Of the respondents, 69% stated that the country’s roads had weak safety. Moreover, 26% gave a good score, and 5% gave an excellent score to the safety of the country’s roads. Hörl and Balac (2021)  mentioned the role of safety in repeatable trips, which can help identify a solution in the current study.(iii)The third question: What is your evaluation of the services provided by the carriers?
Fifty-one percent of the participants described the services provided by carriers as good. In addition, 40% gave a weak score, and 9% gave an excellent score to the state of their services. The responses to this question have a good agreement with the condition of the carriers that provide services to the users.(iv)The fourth question: What is your evaluation of the status of passenger terminals regarding their provided services and construction quality?
Of the whole participants, 61% stated that the passenger terminals had good performance regarding their provided services and construction quality. Furthermore, 37% gave a weak score, and 2% gave an excellent score to the state of the services provided by them. The relative satisfaction of the users can indicate the potential to attract more passengers to the public transport system. Mo (2021)  mentioned this competitive attitude.(v)The fifth question: What is your evaluation of the access to passenger terminals?
Sixty-nine percent of the respondents described the condition of access to passenger terminals as good. Meanwhile, 28% gave a weak score, and 3% gave an excellent score to this variable. According to Fournier et al. (2021) , it can be realized that the users are relatively satisfied with the access costs.(vi)The sixth question: In your idea, to what extent do carriers have delays?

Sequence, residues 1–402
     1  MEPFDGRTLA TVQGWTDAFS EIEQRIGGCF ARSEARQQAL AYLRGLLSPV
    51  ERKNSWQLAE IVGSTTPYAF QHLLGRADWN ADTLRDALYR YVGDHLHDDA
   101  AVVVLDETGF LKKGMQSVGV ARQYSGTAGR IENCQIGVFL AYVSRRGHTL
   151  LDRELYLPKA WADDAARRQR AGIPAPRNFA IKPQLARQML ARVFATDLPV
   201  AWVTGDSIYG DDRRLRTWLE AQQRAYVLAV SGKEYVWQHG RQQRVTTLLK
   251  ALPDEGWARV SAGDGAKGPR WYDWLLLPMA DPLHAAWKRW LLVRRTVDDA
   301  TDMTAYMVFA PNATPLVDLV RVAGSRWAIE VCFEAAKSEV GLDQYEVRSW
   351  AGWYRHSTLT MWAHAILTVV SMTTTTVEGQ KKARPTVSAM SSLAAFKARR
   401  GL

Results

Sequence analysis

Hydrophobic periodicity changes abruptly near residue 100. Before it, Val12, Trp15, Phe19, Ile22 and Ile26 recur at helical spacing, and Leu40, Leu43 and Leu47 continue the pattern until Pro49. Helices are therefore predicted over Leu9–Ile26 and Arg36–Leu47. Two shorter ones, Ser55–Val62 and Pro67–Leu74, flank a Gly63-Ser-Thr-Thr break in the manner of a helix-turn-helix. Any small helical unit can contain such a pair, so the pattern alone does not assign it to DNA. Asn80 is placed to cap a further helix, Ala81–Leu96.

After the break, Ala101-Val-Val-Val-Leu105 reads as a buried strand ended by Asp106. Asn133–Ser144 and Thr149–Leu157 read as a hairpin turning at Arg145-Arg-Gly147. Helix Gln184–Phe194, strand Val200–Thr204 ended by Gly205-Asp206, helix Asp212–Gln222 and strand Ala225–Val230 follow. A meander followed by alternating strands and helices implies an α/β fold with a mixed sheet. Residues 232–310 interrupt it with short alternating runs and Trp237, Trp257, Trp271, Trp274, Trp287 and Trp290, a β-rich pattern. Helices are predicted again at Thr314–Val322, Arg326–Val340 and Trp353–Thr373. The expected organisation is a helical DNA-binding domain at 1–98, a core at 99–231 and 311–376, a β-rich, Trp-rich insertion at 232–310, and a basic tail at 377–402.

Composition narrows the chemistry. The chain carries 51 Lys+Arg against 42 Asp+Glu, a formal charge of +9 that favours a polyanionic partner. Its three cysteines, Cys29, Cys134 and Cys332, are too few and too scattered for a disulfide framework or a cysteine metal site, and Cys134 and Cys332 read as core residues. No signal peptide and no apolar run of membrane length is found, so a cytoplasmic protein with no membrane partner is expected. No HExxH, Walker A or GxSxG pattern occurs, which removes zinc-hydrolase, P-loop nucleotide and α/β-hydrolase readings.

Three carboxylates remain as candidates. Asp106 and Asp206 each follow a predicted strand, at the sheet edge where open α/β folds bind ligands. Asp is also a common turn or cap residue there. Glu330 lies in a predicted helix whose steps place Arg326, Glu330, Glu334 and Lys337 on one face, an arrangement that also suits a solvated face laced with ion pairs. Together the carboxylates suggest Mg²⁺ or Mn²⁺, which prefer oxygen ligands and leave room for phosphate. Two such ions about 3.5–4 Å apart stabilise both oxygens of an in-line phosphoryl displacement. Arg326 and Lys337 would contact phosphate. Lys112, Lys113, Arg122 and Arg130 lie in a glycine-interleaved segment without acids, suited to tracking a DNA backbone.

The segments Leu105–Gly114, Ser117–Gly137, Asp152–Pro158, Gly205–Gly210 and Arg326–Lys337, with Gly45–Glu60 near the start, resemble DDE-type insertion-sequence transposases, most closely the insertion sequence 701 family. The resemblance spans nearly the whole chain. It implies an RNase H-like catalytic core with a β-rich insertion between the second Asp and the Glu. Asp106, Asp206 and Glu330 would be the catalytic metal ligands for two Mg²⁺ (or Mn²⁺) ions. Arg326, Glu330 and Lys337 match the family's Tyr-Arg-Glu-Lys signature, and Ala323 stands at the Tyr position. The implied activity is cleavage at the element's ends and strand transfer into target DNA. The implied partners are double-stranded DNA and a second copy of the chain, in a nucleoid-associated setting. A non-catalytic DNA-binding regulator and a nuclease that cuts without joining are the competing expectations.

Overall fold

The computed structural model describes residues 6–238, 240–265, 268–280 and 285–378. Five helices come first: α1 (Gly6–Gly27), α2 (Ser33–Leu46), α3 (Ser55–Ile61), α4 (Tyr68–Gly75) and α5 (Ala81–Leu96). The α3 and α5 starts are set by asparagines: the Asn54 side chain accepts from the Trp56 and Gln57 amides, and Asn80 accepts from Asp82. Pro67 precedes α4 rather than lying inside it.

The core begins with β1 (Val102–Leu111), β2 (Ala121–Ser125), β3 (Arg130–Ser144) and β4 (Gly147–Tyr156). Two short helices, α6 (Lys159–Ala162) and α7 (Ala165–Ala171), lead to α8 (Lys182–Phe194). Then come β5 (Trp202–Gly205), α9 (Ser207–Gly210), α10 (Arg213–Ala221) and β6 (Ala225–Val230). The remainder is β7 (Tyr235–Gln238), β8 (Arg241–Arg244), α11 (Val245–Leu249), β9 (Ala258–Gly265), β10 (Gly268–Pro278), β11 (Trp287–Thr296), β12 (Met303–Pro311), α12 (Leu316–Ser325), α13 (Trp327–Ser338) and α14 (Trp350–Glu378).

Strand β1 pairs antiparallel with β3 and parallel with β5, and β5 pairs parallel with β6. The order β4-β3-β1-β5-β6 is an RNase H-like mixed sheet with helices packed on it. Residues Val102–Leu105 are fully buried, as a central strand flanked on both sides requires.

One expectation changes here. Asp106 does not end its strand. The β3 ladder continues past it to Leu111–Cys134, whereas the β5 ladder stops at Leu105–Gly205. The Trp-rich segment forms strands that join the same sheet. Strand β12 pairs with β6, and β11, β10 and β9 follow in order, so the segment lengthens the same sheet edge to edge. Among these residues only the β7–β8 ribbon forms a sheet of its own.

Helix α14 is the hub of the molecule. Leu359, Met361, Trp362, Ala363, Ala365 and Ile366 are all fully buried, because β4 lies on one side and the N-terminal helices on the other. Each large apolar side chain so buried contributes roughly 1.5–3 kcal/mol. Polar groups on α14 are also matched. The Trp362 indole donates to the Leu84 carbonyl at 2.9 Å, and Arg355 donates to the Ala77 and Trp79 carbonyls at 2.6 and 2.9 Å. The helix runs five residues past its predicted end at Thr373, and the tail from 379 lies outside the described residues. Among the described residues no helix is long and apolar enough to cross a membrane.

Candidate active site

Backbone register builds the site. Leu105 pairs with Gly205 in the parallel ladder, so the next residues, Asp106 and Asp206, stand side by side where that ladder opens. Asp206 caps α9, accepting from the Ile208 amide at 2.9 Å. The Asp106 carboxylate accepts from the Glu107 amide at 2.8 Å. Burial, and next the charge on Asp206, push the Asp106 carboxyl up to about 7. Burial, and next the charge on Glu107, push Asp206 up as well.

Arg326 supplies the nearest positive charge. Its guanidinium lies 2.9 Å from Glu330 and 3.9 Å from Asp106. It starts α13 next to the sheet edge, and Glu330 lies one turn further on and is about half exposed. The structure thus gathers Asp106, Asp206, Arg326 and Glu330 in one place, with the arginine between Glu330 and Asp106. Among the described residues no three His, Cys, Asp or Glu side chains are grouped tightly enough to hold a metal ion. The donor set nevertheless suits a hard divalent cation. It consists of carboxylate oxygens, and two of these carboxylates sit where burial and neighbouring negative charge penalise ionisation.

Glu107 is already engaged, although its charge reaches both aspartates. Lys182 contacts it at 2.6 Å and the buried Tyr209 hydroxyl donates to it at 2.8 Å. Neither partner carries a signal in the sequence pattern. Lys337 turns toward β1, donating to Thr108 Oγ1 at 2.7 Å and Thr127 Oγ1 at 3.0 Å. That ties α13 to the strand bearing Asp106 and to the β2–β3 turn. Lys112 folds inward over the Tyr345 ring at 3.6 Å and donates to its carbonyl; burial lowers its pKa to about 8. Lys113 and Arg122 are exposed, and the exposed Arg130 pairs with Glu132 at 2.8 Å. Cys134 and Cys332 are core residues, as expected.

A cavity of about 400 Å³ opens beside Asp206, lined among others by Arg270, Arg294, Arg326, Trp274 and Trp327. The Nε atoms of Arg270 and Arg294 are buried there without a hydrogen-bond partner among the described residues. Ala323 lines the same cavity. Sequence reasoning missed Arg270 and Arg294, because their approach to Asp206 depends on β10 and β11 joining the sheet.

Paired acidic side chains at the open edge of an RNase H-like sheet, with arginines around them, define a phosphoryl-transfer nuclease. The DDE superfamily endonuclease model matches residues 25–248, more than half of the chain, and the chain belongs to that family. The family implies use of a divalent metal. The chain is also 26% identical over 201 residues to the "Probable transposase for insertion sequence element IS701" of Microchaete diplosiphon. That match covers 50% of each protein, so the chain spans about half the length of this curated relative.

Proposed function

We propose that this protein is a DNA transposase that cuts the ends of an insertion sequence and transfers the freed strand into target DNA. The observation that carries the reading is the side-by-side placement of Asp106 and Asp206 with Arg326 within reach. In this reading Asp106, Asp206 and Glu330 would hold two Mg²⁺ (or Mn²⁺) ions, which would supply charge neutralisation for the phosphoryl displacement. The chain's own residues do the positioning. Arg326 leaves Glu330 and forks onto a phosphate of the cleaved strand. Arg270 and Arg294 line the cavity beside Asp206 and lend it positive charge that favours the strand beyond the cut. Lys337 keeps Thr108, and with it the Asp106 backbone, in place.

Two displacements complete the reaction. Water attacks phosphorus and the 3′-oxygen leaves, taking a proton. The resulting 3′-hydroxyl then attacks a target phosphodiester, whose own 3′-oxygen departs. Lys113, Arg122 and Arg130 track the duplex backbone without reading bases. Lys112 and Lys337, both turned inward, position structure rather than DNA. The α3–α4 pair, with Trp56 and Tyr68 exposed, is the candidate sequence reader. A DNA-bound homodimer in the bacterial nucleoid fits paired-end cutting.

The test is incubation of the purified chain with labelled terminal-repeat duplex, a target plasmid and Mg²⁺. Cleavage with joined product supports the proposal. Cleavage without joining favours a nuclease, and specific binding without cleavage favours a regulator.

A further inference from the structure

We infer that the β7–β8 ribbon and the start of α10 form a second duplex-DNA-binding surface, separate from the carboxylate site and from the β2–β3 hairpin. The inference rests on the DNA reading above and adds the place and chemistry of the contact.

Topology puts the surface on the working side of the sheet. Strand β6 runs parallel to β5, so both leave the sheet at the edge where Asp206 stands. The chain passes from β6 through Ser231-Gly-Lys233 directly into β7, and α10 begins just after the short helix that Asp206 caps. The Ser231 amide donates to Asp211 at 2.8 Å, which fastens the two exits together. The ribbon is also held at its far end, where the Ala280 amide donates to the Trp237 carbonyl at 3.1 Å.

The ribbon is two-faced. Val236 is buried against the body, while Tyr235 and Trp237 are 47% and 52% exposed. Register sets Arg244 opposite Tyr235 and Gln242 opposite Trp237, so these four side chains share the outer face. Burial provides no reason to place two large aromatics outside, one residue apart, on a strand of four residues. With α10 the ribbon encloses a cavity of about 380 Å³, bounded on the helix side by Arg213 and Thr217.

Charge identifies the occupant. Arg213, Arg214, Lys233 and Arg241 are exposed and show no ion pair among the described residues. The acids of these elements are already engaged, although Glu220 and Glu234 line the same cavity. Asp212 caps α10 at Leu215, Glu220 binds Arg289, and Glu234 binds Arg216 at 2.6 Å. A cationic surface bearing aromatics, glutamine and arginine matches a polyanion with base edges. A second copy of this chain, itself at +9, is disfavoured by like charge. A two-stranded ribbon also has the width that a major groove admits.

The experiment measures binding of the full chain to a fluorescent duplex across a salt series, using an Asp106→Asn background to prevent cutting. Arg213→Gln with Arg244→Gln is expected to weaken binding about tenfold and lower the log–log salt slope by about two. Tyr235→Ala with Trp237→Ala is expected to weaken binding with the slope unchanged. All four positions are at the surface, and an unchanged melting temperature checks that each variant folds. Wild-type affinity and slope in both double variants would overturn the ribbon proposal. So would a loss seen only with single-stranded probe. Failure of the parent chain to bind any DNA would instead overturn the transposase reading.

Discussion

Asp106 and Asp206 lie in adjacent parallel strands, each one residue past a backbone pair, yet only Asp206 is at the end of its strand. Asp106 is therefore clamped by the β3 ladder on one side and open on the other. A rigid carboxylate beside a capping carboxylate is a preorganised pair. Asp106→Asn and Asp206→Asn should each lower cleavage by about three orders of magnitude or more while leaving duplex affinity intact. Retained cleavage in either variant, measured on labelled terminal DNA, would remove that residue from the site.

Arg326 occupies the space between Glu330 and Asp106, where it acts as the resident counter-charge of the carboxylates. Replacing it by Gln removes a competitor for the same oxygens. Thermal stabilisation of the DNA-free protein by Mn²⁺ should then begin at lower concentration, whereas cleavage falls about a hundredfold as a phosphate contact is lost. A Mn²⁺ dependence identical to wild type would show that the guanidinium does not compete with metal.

Of the respondents, 52% stated that the carriers have a good performance regarding the probable delays. However, 47% gave a weak score, and only 1% gave an excellent score to this variable of the carriers. Although the valuation of the passengers to the delay time has no conflict with the results of Yap and Cats (2021) , the Iranian users do not give the delay in trips the importance that they should, due to the lack of fast access systems like subways to most terminals of the country. This issue is more analyzed in the fourth part of this section.
Based on the questions asked and statistics information, a multivariate linear estimation model of the number of rural passengers can be constructed. This model helps measure the impact of changes in different sectors on passenger volume in order to apply appropriate strategies accordingly.
Regarding the bus passenger estimation model, according to the variables expressed and the separated provincial socio-economic data of the National Statistics Center of Iran  and the Ministry of Roads and Urban Development of Iran  , the estimated volume of rural bus passengers is as follows:
This model is made using data from 2008 to 2019. The results of the model construction and names are presented in Table 6.
5.3. Evaluation of the Stakeholders’ Responses in the Words Cloud Section